Last Thursday started out as a stunningly beautiful spring day here in New York. I had planned to take advantage of the sunshine by running straight from work to Central Park to do some yoga and meditation – a little sliver of peace and solitude in an otherwise typically hectic weekday. About an hour before I was to leave work, however, the skies suddenly turned black and opened up into a drenching downpour.
I was absolutely crushed. My entire day had been moving toward this one fabulous treat, and my energy was completely inspired by my anticipation of some much needed communion with our little Manhattan patch of nature. Instead I wound up running around like a chicken with my head cut off, half-changing plans as the weather would seem to clear and having a massive communication failure with my boyfriend over where we should meet now that I was suddenly free. I fought in vain to keep tears that I thought were completely ridiculous, but that stubbornly kept showing up, from falling.
I overreacted so intensely to this disappointment, which was by no means earth shattering or life changing, that it truly frightened me. I could not let it go and cheer up for the life of me. It didn’t help that I became more upset at the thought that I, a yoga teacher who is enthusiastically learning and teaching about accepting and embracing the present moment, no matter what it holds, could so easily cry over proverbial spilled milk. It took me a good two hours to bounce back to my usual cheerful self.
Two days later, the beautiful day I had been anticipating was in full bloom. I’d already had a lovely adventure riding the Staten Island Ferry just for fun with my fantastic boyfriend, and the three hours before my next scheduled adventure were dedicated to running home to Queens to do laundry and catch up on some reading.
As I got out of the subway after the long ride from the ferry to Astoria and headed home, I had a massive revelation that nearly stopped me in my tracks on bustling Steinway Street.
I didn’t have my keys. Not to his place. Not to mine. I was stranded with no book, no iPod, a phone that was mere seconds away from dying, and not much else.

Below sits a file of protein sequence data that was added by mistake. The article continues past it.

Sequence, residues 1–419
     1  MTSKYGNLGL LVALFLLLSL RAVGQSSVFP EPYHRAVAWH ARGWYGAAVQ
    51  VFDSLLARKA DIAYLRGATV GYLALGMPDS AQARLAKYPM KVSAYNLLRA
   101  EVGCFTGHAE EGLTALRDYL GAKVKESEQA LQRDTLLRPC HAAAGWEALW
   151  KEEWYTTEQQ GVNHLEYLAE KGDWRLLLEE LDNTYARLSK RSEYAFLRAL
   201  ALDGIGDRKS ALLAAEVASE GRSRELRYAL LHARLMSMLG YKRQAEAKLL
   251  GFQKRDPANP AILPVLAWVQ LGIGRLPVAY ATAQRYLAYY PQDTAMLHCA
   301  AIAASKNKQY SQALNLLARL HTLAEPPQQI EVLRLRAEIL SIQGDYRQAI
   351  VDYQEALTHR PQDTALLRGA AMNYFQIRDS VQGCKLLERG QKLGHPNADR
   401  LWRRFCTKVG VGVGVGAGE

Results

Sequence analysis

Although it quickly occurred to me that I could very easily freak out about this potentially tragic turn of events…I didn’t. I fully expected my brain to throw an absolute hissy fit over three hours of potential productivity down the drain, but I just shrugged my shoulders and set off for a simple, quiet walk by myself instead.
Why was I so embarrassingly devastated when plans didn’t go my way one day, but a mere two days later I embraced the same sort of unpredictability gracefully with a smile on my face?
Well, I could psychoanalyze myself till the cows come home, but that’s what my personal journal is for. I’ll strive not to subject you to too much of that. What it really got me thinking about was the illusion of control and how we react when we discover we’ve lost some (or all) of it. I’ve always been a compulsive planner but since I moved to New York it has graduated from quirk to absolute necessity. If I’m not totally on top of what I’m doing every second of every day, chaos ensues and things don’t get done.
So how do we learn to deal gracefully when carefully laid plans blow up in our faces?
Studying yoga has given me an infinite number of answers to that question. There’s a pose, a breathing technique, a chant, a visualization practice, a meditation, a passage from the Yoga Sutra or Bhagavad Gita for pretty much anything under the sun. They’re all invaluable tools and I know for sure that I’m a much better, stronger, more patient person for having these tools at my disposal. One of my personal favorites is to tell myself (or have my conscientious boyfriend remind me), “The purpose of life is to enjoy every moment.” And I didn’t even get that nugget of wisdom from a class or my teachers – it’s from a Yogi Tea bag! Gotta love modern American yoga.
It has surprised me to discover that for dedicated yogis and teachers, these inevitable stressful situations in life can sometimes be made harder, not easier, because of our dedication to our practice. It can often be scary and discouraging when you spend so much time and energy learning to live in the present and accessing the constant peace that resides inside all of us no matter what happens in the external world…and then you learn that you’re still a human, vulnerable to these things called emotion, frustration, and disappointment. It’s something that have personally been struggling with a lot since I began teacher training, and all it does is compound the stress I’m already feeling by adding guilt for not being able to let go of it.
Learning peace, patience, and acceptance is unbelievably life changing and important. Learning compassion and forgiveness for yourself when you have a disappointment, big or small, and can’t just close your eyes and immediately access blissful equilibrium with a few ujayih breaths is just as, if not more, important.
Beating yourself up over negative feelings does nothing but produce more of them. Sometimes you have to yield to your emotions and accept that as your present moment instead of trying to force those emotions into wherever is the most convenient storage place for them in the body or mind. You have to just let it run its course instead of imposing a false peace that isn’t peace at all but repression.
It’s very easy advice to give and usually not quite as easy to take. The important thing is that you still give it to yourself – and give yourself a break.
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